The proposed structure will consist of 77,000 square feet and will be located in the Southwestern United States.
A 30% equity investment will be made by the owner. The remaining balance of 70% will be leveraged through a fixed-rate mortgage of 6.50% over a twenty year period. The cost of the solar panels is $1,594,478. However, a 35% up-front tax credit will absorb $558,068 of the initial cost. In turn, putting the cost of the solar panels at $1,036,410.
The investment period will be twenty years. Vacancy rates are estimated at 0% since the owner will occupy 100% of the space. Operating expenses are expected to increase at a steady rate of 3% per year. Likewise, the annual cost of inflation is projected to rise at a steady 3%. Furthermore, a 2% increase has been applied to the energy cost inflation rate. The sales premium on the solar panels was also calculated at 2%. A positive cash flow is expected throughout the remainder of the holding period. See cash flow analysis. The property will be sold at a purchase price of $53,208,000 in year twenty-one, using the income approach that is calculated using the year twenty-one NOI and a 9% cap rate.
The net present value of the after-tax cash flows in the twenty-year holding period revealed a positive result at expected rates of return of 12%. The rate of return still outperforms many other investment vehicles. Comparatively, this investment falls within the parameters of a “safe” investment similar to those such as treasury bills or bonds. The internal rate of return calculations indicates a 37.2% after-tax IRR. This is better than the required 12%. This investment opportunity appears to be profitable over the twenty- year recommended time frame.
History provides a basis for appreciating the progress made in the building industry. Using the knowledge gained over the years to create programs that balance safety, costs, and the environment is now possible. The LEED movement provides a standard to challenge the future developers to higher levels of environment awareness. The movement toward environmentally conscience developments using the LEED program is gaining recognition. Eventually, the building industry will embrace the trend to build environmentally friendly while complimenting nature and protecting human health. This paper explores the importance of the construction process while embracing the environmental impact and affects on human health.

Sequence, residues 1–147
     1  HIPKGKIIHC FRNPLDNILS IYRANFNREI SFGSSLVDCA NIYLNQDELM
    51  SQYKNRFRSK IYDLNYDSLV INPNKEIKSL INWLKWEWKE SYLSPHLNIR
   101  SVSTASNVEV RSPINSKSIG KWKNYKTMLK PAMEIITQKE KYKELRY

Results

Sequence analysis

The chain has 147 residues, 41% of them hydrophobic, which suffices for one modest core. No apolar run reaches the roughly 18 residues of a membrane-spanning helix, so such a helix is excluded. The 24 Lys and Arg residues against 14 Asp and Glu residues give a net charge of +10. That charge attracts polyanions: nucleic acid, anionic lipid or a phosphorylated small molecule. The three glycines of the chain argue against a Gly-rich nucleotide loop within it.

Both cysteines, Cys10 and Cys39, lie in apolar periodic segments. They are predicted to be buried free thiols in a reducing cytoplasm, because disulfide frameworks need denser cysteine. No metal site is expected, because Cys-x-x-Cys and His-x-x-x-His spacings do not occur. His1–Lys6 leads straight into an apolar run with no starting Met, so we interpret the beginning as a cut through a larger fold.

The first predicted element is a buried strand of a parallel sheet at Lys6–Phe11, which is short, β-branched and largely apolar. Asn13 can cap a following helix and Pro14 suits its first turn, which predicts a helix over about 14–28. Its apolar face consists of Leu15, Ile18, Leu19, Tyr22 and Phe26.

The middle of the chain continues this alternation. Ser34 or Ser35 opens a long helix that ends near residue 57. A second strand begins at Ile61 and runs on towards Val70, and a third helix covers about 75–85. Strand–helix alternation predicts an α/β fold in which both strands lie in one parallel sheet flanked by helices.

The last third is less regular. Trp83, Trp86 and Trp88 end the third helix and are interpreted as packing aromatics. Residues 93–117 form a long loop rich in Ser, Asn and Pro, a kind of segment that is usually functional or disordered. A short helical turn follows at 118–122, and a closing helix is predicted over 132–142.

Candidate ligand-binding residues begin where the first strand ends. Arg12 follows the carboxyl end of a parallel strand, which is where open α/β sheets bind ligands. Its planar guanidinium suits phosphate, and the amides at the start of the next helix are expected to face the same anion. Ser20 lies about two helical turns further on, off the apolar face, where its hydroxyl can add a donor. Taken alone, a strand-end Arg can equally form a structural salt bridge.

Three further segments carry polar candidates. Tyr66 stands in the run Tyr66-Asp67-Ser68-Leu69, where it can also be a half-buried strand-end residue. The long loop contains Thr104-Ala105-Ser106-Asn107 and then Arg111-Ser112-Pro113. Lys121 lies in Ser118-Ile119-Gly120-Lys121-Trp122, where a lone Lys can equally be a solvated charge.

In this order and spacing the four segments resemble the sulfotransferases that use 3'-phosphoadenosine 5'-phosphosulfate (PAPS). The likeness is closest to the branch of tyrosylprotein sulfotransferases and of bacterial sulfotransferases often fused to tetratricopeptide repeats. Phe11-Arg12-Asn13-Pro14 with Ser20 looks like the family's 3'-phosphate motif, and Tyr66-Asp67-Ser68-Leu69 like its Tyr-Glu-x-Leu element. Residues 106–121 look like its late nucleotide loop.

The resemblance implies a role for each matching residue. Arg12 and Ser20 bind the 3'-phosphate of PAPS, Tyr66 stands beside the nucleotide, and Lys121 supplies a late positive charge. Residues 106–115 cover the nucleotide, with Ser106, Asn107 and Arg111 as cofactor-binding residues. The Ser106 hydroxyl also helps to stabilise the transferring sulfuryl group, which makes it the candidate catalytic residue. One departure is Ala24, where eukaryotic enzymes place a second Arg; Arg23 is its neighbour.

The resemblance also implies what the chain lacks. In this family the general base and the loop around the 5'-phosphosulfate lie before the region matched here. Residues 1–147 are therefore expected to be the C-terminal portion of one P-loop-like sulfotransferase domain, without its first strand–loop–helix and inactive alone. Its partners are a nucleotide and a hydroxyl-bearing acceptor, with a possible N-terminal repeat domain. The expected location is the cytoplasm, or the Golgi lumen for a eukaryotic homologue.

Charleston's 1st "Eco-friendly" Real Estate Office Opens in
Park Circle. (n.d.). Retrieved on July 26, 2009, from http://activerain.com/agentownedPark
Emerging energies. (2009). Retrieved July 26, 2009, from
Leadership in Energy and Environmental Design. (n.d.). Retrieved
July 26, 2009, from http://en.wikipedia.org/wiki/Leadership_in_Energy_and_Environmental_
Lewis, M., Howard, N. (2003). The future of leed. Retrieved
July 26, 2009, from http://www.edcmag.com/CDA/Archives/c5f7916daa697010VgnVCM
Office Depot, (2007) USBGC Project Profile, Innovative Strategies Bring Retailer to Height of
Environmental Design, retrieved on July 24, 2009 from http://www.usgbc.org/
Toyota, (2006) USBGC Project Profile, Meeting the Needs of Society, retrieved on July 24, 2009
United States Green Building Council, (2009) Green building Research retrieved on July 24,
2009 from http://www.usgbc.org/DisplayPage.aspx?CMSPageID=1718
The plagiarism detector has analyzed the following text segments, and did not find any instances of plagiarism:
Text being analyzed
These pre-planning steps help reduce unforeseen problems, establish compliance with
movement toward environmentally conscience developments using the LEED program is
Through trials, new enhancements to products and installation created stronger
sample store is just the beginning of environmentally friendly changes
construction stage begins with site preparation including dewatering, erosion control
building products used are either recyclable or require little environmental
creation of federal oversight programs, product innovations, installation methods, and
Innovative approaches to residential and commercial construction were applied as
Results: No plagiarism suspected